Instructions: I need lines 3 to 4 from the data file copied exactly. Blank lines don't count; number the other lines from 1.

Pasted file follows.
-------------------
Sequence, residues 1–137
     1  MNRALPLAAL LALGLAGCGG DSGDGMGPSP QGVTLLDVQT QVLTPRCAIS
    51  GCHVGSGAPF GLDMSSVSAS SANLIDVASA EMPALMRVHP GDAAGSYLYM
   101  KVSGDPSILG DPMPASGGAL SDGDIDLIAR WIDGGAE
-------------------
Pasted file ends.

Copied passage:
    51  GCHVGSGAPF GLDMSSVSAS SANLIDVASA EMPALMRVHP GDAAGSYLYM
   101  KVSGDPSILG DPMPASGGAL SDGDIDLIAR WIDGGAE